For the next half hour, Olympia gently drew out all the information Agatha had concerning her mother's tricks and schemes. Agatha had learned the art of eavesdropping well and had a lot to tell, even if the girl did not appear to fully understand all she had heard. Brant's sister held no firm proof of anything, was even uncertain about her suspicions at times, but everything she told Olympia was more than enough to reaffirm Olympia's personal opinion that Lady Letitia Mallam was long overdue for a hanging. It would not surprise Olympia in the least to discover that Lady Letitia was joining up with Minden for far more than marrying off the last of her daughters.
The moment she was certain that young Agatha had no more to tell, Olympia called in her footman Pawl. She gave the girl strict instructions on how to secretly get in touch with her if she needed to and then made sure her footman understood the need for discretion in getting the girl back to her home unseen. When the door shut behind Agatha and Pawl, Olympia slumped in her seat and closed her eyes.
She needed to harden her heart, Olympia mused. She truly could not help everyone who asked. If nothing else, the difficulties her family constantly stumbled into all on their own took up enough of her time and strength. While helping Argus she had actually faced physical danger and the fear that had caused still shadowed her mind, stirring up old and ugly memories. Each incident she had involved herself in over the last three years had held many dangers but none of them had actually touched her personally. Now that one had, she realized she was reluctant to charge to the rescue yet again.
"I have become a coward," she muttered, utterly disgusted with herself.
"Nay, m'lady. Cautious, I hope, but ne'er a coward."
Olympia opened her eyes and smiled faintly at her maid Enid Jones. More of a companion than a maid for Enid had been with her since they had both been small children. She knew Enid spoke the truth as she saw it, could see that in the woman's brown eyes, but Olympia was not sure she believed in that truth herself.
"That young lady needs help and I have just offered myself up as her champion." Olympia said.
"I suspected ye would and that is hardly the act of a coward."
"I am too old for this."
"If that were true, then I must have one foot in the grave, for I am two years older." Enid smiled as she sat down next to Olympia. "Now, what must be done to help that lass?"
"It appears that Lady Agatha's mother, a wretched specimen of humanity and a black stain upon womanhood itself, wishes to sell the girl off to Sir Horace Minden, Baron of Minden Grange." Olympia was not surprised to see Enid pale.
"The man has to be old enough to be that child's grandfather and he is notorious for the depths and variety of his depravities."
"He most certainly is and I fear it is those depths the girl's mother wishes to dip her claws into."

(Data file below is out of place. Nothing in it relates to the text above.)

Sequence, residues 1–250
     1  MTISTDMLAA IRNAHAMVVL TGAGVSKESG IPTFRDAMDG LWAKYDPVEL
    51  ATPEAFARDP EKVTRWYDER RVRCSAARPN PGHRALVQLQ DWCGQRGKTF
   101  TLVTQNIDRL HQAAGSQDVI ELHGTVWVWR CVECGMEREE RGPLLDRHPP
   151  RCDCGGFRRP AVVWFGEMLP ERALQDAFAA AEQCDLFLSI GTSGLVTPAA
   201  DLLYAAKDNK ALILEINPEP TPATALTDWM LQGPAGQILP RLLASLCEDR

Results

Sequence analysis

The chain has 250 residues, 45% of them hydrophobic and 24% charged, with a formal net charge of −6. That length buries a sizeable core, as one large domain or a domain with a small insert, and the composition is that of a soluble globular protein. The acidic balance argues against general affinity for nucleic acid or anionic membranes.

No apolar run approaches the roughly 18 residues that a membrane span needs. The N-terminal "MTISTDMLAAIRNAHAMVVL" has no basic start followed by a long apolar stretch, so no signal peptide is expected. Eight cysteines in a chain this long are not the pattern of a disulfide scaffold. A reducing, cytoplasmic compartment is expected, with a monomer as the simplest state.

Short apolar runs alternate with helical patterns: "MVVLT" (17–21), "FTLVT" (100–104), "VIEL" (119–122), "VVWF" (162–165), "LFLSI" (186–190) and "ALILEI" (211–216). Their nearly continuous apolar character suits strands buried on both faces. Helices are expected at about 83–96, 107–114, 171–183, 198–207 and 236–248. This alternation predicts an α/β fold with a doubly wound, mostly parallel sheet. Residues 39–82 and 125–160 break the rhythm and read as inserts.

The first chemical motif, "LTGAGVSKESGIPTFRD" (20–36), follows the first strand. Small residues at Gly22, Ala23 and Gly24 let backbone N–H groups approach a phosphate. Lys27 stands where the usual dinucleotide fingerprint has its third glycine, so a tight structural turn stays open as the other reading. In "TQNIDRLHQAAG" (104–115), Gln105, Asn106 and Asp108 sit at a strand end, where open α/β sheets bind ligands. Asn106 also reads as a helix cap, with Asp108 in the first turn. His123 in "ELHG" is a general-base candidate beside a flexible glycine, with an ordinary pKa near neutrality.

"Why? Why would any woman wish to stain her hands with the sort of filthy business that man deals in?"
"Money. If dear Mama unites Horace to the family through marriage to Agatha, the woman can then seek to gain new ways to nicely fatten her purse."
"How could any woman give her own flesh and blood to such a man?"
"Did you not catch the name of my visitor, Enid?"
"Nay for it was you who greeted her and let her in."
"Ah, aye, so it was. That young girl your adorable husband Pawl is escorting home is the sister of Brant Mallam, Earl of Fieldgate." She nodded as, after frowning in thought for a moment, Enid's eyes began to widen with horror. "Exactly. The very woman who sold off to a brothel the woman her son loved and wished to marry is the one who now threatens that girl. Although 'tis true we cannot prove the woman ordered poor sweet Faith to be killed, her actions were what put the girl into that hell and thus into a grave. That sweet-faced child who just left is Lady Letitia Mallam's daughter, the poor dear."
"Why did she not go to her brother the earl for help?"
"I do not know if she actually tried to visit the man, but she claims she has been sending him word about this for a fortnight or so. No reply. Not even a little note thanking her for writing to him. She is certain her brother has not seen any of her messages, that despite how careful she has been, someone is stopping her messages before they reach Lord Fieldgate. I suspect she is right. She has probably been writing to him on a regular schedule and gotten some response over the years. There have been rumors that Fieldgate is skipping down the same path Minden did. Well, years ago. When he was still nimble enough to skip. Minden, that is. Last I saw of Fieldgate, he looked very nimble." Olympia grunted when Enid elbowed her in the side.
Excerpted from If He's Tempted by HANNAH HOWELL Copyright © 2013 by Hannah Howell. Excerpted by permission of KENSINGTON PUBLISHING CORP.. All rights reserved. No part of this excerpt may be reproduced or reprinted without permission in writing from the publisher.